How to Handle Feline Urinary Problems

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Unlike most dogs, cats urinate in the house in litter boxes so pet owners are often more aware of the urinary habits of their feline friends. If these habits suddenly change, then it could mean that your cat may have a urinary problem that needs to be addressed. Ignoring these signs can result in serious conditions including death so it's important to know what to look for and what can be done about it.

Types of Urinary Problems in Cats

There are several urinary problems that cats can develop. Some are a result of stress while others occur due to unsanitary conditions but all can result in similar symptoms.

  • Cystitis - This condition is a result of excessive inflammation as well as other abnormalities in the bladder and/or urethra. Due to this inflammation and changes in the bladder, the lining of the bladder and urethra is irritated and inflamed which makes it uncomfortable and difficult to urinate. Cystitis in cats most commonly occurs due to stress and anxiety.
  • Infection - While more common in dogs, urinary tract infections (UTI's) do occasionally occur in cats when bacteria enters the bladder. This bacteria can cause inflammation and make it uncomfortable and hard for a cat to urinate normally. Bacteria can enter the bladder if the kidneys are infected, if a cat has a dirty urinary tract opening from unkempt fur or because it is overweight and unable to clean itself, or if a cat uses a dirty litter box.
  • Blockage - Due to excessive inflammation and/or stones in the bladder and/or urethra, a blockage may occur. This makes it impossible for a cat to urinate and is life threatening.
  • Stones - Bacteria, inflammatin, and changes in the pH of the urine can cause crystals to form in the bladder. These crystals can then form stones in the bladder.
  • Parasites - While rare, it is possible for cats to get parasites in their bladder. This usually occurs from eating earthworms.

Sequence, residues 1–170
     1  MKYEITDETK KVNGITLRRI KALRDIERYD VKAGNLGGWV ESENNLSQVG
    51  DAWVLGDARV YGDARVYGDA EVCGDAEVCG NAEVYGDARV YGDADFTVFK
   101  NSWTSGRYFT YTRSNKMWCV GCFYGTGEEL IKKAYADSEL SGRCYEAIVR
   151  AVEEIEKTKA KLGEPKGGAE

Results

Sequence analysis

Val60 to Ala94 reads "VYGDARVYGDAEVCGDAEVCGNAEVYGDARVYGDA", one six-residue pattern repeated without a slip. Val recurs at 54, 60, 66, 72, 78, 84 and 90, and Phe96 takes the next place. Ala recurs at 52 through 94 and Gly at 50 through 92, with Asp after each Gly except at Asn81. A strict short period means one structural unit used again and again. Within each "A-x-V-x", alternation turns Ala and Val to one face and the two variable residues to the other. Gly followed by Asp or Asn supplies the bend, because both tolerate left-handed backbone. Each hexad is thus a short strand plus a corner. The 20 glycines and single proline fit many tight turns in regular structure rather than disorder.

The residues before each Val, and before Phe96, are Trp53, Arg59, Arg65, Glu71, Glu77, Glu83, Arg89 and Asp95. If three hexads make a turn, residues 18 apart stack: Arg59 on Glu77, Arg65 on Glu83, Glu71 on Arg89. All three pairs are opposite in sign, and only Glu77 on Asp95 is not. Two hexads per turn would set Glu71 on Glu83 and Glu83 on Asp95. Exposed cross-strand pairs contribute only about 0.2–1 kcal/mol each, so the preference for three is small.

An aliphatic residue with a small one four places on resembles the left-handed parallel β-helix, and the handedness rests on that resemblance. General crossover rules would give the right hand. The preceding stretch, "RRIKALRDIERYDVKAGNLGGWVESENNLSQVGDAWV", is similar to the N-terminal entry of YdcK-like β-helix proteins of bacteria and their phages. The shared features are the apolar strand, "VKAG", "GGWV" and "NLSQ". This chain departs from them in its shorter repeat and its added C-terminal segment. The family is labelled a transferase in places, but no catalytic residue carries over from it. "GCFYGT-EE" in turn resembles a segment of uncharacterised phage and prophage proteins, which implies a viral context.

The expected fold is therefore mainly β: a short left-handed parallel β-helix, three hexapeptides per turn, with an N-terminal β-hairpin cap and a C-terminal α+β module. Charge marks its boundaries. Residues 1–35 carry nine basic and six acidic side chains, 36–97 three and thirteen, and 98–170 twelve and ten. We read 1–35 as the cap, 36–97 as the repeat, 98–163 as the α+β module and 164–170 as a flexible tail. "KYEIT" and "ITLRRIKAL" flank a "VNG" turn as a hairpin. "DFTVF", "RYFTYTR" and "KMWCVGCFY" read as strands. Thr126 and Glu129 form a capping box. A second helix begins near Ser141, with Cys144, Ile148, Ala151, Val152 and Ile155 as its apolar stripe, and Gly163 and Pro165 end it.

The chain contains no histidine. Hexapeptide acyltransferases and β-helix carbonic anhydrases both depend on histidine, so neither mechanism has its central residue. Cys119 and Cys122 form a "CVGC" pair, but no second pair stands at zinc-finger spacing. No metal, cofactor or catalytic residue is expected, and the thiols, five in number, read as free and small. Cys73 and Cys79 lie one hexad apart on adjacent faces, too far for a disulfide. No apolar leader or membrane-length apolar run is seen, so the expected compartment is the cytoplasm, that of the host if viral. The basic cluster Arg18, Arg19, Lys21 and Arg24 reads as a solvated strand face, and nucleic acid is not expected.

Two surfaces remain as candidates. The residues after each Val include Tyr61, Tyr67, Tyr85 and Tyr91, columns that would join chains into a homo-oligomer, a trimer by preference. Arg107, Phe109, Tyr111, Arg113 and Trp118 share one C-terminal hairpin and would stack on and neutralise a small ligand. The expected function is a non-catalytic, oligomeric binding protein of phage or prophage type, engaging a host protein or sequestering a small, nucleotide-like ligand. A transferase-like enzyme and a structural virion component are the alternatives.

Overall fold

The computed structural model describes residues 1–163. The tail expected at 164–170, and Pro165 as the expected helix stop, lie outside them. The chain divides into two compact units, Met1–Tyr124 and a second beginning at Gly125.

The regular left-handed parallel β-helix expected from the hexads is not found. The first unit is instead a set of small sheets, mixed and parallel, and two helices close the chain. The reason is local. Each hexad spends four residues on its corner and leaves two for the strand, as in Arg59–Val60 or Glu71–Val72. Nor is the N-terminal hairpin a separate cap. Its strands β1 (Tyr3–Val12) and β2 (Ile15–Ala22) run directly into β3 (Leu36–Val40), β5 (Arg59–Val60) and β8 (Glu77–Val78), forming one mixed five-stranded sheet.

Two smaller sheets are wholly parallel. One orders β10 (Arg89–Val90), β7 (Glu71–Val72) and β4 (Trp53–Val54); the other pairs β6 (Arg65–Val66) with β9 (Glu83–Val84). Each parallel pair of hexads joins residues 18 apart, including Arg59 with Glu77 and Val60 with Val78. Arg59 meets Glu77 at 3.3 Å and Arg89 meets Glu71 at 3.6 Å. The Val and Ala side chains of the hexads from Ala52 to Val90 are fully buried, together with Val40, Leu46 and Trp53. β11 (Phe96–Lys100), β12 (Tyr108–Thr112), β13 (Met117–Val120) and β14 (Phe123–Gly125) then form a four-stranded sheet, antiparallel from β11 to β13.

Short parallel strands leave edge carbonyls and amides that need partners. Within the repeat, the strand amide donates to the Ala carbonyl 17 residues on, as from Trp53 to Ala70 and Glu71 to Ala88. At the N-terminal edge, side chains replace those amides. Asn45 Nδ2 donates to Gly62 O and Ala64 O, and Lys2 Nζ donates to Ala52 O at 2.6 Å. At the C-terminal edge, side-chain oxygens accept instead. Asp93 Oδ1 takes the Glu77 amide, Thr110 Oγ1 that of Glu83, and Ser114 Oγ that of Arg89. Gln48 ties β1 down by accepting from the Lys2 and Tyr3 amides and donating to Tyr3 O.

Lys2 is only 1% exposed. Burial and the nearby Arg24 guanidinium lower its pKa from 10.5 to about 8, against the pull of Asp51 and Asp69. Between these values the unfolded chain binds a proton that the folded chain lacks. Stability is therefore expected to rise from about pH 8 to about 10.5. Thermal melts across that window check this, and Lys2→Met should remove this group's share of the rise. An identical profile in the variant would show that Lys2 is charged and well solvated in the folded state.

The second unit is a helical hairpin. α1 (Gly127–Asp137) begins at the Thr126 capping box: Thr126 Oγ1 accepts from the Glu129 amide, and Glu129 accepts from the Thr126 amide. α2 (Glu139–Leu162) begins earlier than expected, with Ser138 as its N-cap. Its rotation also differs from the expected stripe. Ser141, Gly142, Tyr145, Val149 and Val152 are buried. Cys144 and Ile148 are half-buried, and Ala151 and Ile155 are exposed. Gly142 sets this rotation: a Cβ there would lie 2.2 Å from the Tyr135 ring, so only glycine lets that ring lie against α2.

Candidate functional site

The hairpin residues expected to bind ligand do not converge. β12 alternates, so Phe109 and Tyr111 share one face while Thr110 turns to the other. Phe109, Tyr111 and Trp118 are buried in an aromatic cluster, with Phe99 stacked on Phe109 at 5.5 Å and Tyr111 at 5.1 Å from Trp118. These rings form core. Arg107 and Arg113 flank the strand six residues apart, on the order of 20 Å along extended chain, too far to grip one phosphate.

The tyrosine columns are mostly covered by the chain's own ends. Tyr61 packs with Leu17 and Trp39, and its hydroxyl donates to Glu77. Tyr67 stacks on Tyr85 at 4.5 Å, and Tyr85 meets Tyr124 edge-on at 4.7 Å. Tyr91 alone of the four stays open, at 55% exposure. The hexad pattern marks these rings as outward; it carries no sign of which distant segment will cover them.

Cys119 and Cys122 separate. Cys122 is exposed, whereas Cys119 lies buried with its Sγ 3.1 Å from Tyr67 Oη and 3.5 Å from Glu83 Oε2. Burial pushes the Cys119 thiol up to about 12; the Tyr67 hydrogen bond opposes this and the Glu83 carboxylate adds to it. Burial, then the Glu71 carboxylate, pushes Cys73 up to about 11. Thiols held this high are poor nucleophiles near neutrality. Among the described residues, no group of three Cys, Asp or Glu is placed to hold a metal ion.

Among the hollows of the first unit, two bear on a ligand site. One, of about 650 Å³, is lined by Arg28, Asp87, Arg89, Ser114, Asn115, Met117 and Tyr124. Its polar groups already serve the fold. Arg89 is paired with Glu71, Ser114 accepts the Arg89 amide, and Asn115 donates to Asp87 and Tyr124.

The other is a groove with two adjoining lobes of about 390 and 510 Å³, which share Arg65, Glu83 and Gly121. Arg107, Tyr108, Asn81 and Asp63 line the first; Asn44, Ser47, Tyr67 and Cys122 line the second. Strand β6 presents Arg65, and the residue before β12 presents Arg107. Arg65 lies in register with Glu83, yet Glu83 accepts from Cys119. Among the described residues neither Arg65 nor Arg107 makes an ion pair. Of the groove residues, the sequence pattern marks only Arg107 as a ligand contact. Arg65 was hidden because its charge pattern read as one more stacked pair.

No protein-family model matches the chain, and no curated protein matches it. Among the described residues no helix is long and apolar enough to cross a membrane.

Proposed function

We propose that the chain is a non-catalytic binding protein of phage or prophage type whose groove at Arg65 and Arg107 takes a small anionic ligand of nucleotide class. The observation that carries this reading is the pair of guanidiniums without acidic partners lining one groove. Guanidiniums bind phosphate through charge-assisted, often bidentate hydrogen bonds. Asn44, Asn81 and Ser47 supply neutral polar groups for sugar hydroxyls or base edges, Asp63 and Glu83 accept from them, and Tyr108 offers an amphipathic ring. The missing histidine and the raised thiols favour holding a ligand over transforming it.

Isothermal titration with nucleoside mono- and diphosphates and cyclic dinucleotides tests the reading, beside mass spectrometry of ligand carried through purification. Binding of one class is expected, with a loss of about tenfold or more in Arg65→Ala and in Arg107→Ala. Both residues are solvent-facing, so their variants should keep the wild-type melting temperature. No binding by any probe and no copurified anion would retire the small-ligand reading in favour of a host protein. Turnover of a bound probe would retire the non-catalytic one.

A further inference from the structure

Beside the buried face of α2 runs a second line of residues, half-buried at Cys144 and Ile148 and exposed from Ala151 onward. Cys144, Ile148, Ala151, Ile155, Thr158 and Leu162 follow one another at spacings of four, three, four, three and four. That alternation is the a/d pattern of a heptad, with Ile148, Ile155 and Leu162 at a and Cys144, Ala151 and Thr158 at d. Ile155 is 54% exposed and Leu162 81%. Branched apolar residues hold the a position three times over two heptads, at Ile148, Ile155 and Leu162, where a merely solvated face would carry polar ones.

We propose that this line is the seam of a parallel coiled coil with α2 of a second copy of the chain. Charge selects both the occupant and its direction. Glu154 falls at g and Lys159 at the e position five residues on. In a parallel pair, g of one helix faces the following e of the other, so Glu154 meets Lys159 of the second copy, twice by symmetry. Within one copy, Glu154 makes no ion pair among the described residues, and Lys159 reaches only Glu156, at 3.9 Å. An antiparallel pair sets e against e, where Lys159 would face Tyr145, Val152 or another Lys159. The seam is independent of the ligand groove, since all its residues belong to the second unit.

• Kidney issues - Cats may have urinary problems as a result of kidney issues. Renal failure, infection, inflammation, and stones can all also cause urinary issues.
  • Behavioral - Some cats will have urinary problems simply because they are unhappy about something.

Signs of Urinary Problems in Cats

While cats will occasionally hide an illness, urinary problems are usually quite obvious due to some common signs.

  • Urinating outside the litter box - A cat may pee next to its box or on other items and surfaces as an indication that it has a urinary problem. This can also occur because of something that is upsetting your cat like a change in the type of litter, a new cat in the house, or other types of stressors.
  • Crying when urinating - If your cat is having a difficult time urinating or it is painful while urinating then it may cry while it is in the litter box.
  • Urinating blood - Red tinted litter is an obvious sign that your cat has a urinary problem.
  • Straining and unable to urinate - Straining and being unable to urinate are life threatening symptoms.
  • Licking at urinary tract opening - Another sign of discomfort due to a urinary problem is if your cat is excessively licking at its urinary tract opening.

Treatments for Urinary Problems in Cats

Depending on the specific type of urinary problem your cat has and the reason for it, the treatment can vary and involve multiple components.

  • Supplements - If a cat is stressed or anxious and has cystitis, various supplements including glucosamine, milk whey protein, colostrum, L-theanine, and other ingredients may help decrease the urinary problems.
  • Diet - Specific types of diets for cats with urinary problems can alter the pH of the urine and may also contain supplemental ingredients to address stress.
  • Litter - Switching to unscented and non-clumping litter may be necessary for cats that have issues with scented and clumping litter.
  • Litter box location - If litter boxes are not in quiet areas or too close together, especially if you have multiple cats, you may need to move them if your cat doesn't want to use it.
  • Litter box cleanliness - You may need to clean your cat's litter box more often if your cat has a UTI or is avoiding using it.
  • Pheromones - If your cat is stressed or anxious, pheromone diffusers and sprays can help decrease urinary problems.
  • Medications - Antibiotics, anxiolytics, anti-inflammatories, and other medications may be needed short or long-term to treat or manage your cat's urinary problem.
  • Weight loss - If your cat is getting UTI's because it is unable to keep itself clean, it may need to lose some weight so that it can maintain a higher level of hygiene.
  • Catheterization - If your cat is blocked or has cystitis and cannot urinate, it may need to have a urinary catheter placed to allow the urine to exit the body.
  • Surgery - In extreme situations, surgery may be necessary if a urinary problem reoccurs and prevents your cat from being able to urinate.
If you suspect your pet is sick, call your vet immediately. For health-related questions, always consult your veterinarian, as they have examined your pet, know the pet's health history, and can make the best recommendations for your pet.

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